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The U.S. Left Behind: The Rise of IPO Activity Around the World

Author

Listed:
  • Craig Doidge
  • G. Andrew Karolyi
  • René M. Stulz

Abstract

During the past two decades, there has been a dramatic change in IPO activity around the world. Though vibrant IPO activity, attributed to better institutions and governance, used to be a strength of the U.S., it no longer is. IPO activity in the U.S. has fallen compared to the rest of the world and U.S. firms go public less than expected based on the economic importance of the U.S. In the early 1990s, the declining U.S. IPO share was due to the extraordinary growth of IPOs in foreign countries; in the 2000s, however, it is due to higher IPO activity abroad combined with lower IPO activity in the U.S. Global IPOs, which are IPOs in which some of the proceeds are raised outside the firm's home country, play a critical role in the increase in IPO activity outside the U.S. The quality of a country's institutions is positively related to its domestic IPO activity and negatively related to its global IPO activity. However, home country institutions are more important in explaining IPO activity in the 1990s than in the 2000s. The evidence is consistent with the view that access to global markets helps firms overcome the obstacles of poor institutions. Finally, we show that the dynamics of global IPO activity and country-level IPO activity are strongly affected by global factors.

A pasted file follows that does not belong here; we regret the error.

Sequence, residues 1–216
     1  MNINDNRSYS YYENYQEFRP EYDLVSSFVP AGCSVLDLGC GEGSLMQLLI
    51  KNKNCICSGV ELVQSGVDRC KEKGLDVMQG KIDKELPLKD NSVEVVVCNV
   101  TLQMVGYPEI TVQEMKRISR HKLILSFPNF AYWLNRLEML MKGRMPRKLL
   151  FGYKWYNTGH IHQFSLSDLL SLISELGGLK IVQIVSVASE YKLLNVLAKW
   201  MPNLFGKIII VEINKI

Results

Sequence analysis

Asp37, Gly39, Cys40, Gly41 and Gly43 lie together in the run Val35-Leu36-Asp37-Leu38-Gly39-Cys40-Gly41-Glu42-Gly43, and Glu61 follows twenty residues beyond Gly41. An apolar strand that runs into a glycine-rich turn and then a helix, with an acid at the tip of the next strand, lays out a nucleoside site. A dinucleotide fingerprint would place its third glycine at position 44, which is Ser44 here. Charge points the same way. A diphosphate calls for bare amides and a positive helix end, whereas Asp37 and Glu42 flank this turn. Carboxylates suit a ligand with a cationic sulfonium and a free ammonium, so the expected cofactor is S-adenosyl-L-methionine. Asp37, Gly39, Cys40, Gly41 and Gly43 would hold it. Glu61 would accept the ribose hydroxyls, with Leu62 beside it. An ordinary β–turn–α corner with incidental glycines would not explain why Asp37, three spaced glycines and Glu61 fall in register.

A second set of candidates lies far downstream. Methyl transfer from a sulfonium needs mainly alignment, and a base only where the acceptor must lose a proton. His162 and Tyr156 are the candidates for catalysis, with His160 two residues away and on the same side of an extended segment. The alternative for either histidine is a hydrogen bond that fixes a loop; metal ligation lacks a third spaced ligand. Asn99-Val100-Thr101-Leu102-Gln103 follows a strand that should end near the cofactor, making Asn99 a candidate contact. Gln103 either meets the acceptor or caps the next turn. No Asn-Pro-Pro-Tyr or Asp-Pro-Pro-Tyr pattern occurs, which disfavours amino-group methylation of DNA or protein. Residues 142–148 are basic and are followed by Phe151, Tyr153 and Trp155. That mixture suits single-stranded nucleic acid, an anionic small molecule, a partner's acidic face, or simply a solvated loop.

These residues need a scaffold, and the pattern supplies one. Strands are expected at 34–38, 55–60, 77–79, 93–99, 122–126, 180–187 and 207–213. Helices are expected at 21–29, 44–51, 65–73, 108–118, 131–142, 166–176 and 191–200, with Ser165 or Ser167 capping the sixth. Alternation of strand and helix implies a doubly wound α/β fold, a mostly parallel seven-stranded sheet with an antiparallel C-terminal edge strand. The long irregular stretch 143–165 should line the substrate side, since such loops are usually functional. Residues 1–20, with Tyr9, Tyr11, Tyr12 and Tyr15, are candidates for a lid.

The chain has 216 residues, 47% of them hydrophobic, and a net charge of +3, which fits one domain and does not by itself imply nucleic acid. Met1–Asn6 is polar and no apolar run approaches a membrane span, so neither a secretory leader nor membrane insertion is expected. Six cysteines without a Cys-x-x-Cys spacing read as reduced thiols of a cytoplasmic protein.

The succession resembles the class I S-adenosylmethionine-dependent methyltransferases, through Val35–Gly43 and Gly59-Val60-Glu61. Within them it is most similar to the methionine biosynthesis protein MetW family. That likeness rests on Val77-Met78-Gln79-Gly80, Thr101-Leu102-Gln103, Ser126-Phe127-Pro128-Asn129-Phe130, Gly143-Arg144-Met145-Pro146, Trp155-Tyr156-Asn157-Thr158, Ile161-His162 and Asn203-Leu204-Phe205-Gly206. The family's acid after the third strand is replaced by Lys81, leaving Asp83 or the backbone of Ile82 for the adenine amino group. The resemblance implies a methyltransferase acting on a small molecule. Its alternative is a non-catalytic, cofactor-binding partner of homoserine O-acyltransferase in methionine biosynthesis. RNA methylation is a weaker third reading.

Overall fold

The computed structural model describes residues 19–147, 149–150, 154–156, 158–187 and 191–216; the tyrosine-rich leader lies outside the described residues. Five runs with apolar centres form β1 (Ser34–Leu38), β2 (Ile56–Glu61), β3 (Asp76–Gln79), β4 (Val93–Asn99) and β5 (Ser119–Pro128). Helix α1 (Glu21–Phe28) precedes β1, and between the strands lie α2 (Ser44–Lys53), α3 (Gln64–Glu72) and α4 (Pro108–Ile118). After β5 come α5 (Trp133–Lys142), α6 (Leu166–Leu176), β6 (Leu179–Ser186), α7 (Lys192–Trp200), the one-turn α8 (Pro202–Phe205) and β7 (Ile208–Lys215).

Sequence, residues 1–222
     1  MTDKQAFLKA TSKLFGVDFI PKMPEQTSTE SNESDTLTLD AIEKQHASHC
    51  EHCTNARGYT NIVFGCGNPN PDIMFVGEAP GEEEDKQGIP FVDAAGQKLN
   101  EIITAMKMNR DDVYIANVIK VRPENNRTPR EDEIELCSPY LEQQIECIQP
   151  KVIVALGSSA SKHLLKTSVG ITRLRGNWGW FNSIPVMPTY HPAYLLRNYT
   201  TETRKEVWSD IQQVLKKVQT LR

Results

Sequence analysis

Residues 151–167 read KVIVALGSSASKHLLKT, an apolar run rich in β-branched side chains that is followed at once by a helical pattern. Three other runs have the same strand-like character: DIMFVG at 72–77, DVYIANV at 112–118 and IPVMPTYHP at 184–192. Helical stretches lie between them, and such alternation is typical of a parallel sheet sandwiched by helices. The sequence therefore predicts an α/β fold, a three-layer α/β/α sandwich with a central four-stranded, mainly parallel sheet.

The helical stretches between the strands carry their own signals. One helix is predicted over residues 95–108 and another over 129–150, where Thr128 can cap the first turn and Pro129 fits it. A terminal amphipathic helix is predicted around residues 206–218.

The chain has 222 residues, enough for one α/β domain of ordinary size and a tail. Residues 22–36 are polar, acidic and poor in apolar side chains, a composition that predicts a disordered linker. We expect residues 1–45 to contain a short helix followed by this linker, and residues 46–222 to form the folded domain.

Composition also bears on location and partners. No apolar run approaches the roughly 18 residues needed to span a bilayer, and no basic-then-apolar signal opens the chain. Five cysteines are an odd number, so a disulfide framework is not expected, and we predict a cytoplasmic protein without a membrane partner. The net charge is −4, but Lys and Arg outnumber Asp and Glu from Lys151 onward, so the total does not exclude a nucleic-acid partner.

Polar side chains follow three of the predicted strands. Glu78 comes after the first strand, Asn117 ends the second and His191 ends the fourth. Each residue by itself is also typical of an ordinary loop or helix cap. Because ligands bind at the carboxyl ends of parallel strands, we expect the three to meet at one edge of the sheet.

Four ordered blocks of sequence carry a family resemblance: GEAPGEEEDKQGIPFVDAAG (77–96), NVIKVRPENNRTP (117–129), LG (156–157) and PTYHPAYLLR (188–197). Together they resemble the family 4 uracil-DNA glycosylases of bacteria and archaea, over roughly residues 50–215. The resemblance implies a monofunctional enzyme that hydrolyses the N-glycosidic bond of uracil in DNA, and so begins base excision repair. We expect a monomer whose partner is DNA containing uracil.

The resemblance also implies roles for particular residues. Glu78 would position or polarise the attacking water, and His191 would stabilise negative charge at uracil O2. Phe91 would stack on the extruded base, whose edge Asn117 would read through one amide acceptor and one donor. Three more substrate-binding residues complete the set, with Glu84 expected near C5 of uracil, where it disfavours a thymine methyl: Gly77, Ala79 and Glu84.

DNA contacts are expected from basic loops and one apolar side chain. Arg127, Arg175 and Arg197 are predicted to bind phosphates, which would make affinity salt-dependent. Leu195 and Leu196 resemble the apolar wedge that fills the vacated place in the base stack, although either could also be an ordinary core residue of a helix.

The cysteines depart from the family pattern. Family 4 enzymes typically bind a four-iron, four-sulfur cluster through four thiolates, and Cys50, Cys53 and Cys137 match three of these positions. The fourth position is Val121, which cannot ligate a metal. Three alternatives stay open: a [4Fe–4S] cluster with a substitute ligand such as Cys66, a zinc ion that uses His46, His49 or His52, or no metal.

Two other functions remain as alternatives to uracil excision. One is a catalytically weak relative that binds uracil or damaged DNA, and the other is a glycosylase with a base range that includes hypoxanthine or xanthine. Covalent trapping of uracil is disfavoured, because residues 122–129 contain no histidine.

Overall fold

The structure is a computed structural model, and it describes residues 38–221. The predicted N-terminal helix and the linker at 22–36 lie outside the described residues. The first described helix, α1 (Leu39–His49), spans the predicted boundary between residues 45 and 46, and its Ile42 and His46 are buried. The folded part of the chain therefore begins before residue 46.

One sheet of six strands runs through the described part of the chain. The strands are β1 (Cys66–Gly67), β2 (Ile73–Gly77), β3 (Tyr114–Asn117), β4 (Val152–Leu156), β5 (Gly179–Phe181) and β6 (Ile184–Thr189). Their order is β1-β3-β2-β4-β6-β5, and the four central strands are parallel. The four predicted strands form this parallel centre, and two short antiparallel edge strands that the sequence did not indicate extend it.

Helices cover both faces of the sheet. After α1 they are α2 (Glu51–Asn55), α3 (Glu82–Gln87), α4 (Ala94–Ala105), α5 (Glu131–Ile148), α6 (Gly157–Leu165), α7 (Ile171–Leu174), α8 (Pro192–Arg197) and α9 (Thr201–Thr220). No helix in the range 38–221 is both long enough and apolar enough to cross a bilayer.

Suggested Citation

  • Craig Doidge & G. Andrew Karolyi & René M. Stulz, 2011. "The U.S. Left Behind: The Rise of IPO Activity Around the World," NBER Working Papers 16916, National Bureau of Economic Research, Inc.
  • Handle: RePEc:nbr:nberwo:16916
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    References listed on IDEAS

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    1. Black, Bernard S. & Gilson, Ronald J., 1998. "Venture capital and the structure of capital markets: banks versus stock markets," Journal of Financial Economics, Elsevier, vol. 47(3), pages 243-277, March.
    2. Geert Bekaert & Campbell R. Harvey & Christian Lundblad & Stephan Siegel, 2007. "Global Growth Opportunities and Market Integration," Journal of Finance, American Finance Association, vol. 62(3), pages 1081-1137, June.
    3. Kim, Woojin & Weisbach, Michael S., 2008. "Motivations for public equity offers: An international perspective," Journal of Financial Economics, Elsevier, vol. 87(2), pages 281-307, February.
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    Cited by:

    1. Hornstein, Abigail S., 2014. "The impact of local governance institutions on foreign market listings: The case of Chinese firms," China Economic Review, Elsevier, vol. 29(C), pages 46-67.
    2. Carsten Burhop & David Chambers & Brian Cheffins, 2011. "Is Regulation Essential to Stock Market Development? Going Public in London and Berlin, 1900-1913," Discussion Paper Series of the Max Planck Institute for Research on Collective Goods 2011_15, Max Planck Institute for Research on Collective Goods.
    3. repec:eee:worbus:v:52:y:2017:i:5:p:628-639 is not listed on IDEAS
    4. Boeh, Kevin & Dunbar, Craig, 2014. "IPO waves and the issuance process," Journal of Corporate Finance, Elsevier, vol. 25(C), pages 455-473.

    More about this item

    JEL classification:

    • F3 - International Economics - - International Finance
    • G3 - Financial Economics - - Corporate Finance and Governance

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